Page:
Many people know that a person's character and personality is largely established by the time they are very young. The traits that will define that individual throughout his or her life can be clearly identified when he or she is as little as 7 years old. In a new investigation, scientists show that, by the time they start going to school, children already exhibit the personality traits that will remain with them throughout their lives. This was clearly established in a new paper, written by experts at the University of California in Riverside (UCR), LiveScience
“We remain recognizably the same person. This speaks to the importance of understanding personality because it does follow us wherever we go across time and contexts,” says UCR PhD candidate Christopher Nave, who was also the author of the new investigation. The scientist used information on about 2,400 ethnically diverse schoolchildren, which he collected from the conclusions of a study conducted in the 1960. Full details of the work will be published in an upcoming issue of the esteemed medical journal Social Psychological and Personality Science.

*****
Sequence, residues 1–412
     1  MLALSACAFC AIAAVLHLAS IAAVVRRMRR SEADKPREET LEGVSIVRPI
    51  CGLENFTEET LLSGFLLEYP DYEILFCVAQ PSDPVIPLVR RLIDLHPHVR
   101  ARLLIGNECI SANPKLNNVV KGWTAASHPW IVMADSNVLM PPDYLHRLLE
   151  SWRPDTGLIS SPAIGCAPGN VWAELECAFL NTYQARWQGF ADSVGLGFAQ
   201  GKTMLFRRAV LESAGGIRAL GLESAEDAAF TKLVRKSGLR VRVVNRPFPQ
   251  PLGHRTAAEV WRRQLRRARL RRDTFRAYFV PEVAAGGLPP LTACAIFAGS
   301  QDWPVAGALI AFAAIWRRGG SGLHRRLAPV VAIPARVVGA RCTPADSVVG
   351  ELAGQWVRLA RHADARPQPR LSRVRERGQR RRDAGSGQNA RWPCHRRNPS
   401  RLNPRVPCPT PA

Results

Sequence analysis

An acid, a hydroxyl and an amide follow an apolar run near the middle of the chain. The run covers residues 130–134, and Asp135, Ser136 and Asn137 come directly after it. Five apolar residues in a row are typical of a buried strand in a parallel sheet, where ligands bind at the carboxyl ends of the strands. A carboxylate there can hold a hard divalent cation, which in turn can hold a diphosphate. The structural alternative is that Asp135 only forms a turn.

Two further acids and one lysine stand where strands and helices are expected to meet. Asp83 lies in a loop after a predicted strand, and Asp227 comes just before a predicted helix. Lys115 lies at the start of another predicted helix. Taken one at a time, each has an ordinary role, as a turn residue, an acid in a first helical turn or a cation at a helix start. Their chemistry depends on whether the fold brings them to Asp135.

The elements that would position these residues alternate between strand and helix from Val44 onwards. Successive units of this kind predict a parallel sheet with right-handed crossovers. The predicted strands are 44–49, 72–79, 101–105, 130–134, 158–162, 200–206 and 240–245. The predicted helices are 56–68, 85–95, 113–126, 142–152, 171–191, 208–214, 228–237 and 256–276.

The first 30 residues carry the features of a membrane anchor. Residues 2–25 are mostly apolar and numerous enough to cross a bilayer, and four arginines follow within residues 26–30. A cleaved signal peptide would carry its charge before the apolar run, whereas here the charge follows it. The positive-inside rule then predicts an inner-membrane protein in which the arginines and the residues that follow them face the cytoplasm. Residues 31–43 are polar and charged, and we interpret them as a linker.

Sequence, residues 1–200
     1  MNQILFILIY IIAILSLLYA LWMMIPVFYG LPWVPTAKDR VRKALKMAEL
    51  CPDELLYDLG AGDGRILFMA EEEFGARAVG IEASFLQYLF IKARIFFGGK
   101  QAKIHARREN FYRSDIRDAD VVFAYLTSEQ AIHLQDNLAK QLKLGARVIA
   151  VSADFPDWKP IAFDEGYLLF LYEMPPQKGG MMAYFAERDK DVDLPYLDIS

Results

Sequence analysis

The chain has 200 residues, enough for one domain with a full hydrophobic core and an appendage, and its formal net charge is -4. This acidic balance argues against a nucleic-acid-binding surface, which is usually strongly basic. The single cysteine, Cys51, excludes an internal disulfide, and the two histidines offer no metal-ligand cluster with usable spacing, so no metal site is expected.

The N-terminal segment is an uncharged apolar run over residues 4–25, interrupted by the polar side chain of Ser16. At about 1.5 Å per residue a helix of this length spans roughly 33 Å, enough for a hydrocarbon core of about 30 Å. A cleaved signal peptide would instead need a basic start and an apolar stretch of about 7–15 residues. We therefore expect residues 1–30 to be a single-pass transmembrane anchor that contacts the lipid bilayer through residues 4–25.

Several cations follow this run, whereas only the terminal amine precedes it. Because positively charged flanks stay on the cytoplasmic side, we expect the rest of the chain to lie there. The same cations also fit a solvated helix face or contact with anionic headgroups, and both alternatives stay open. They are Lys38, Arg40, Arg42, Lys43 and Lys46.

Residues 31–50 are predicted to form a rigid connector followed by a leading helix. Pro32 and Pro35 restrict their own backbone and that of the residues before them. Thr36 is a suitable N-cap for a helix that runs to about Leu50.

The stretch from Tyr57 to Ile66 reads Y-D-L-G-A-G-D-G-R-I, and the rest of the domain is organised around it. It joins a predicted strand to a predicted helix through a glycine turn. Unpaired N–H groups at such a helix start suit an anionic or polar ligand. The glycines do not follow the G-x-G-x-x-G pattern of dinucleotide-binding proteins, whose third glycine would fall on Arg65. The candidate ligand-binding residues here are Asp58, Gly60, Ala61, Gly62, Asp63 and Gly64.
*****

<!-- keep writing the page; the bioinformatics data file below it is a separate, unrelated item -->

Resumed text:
All the children in the old study were in grades 1 through 6, the expert says. The UCR research group looked at personality ratings that teachers had given to 144 of the test subjects. Now, 40 years after the original study, these individuals were tracked down and then interviewed. The experts looked for modifications in four major personality traits, and namely verbal fluency, adaptability to new situations, self-humbling behavior, and impulsiveness.
The researchers learned that children who had proven to be talkative from an early age were very likely to become highly intelligent individuals later on in life. They were capable of speaking fluently, and exhibited a tendency to try and control situations. Conversely, first graders who scored lower in verbal fluency while in school tended to seek more advice from others, and general trigger awkward interpersonal situations.
“Life events still influence our behaviors, yet we must acknowledge the power of personality in understanding future behavior as well.” Additional studies should “help us understand how personality is related to behavior as well as examine the extent to which we may be able to change our personality,” the team leader concludes.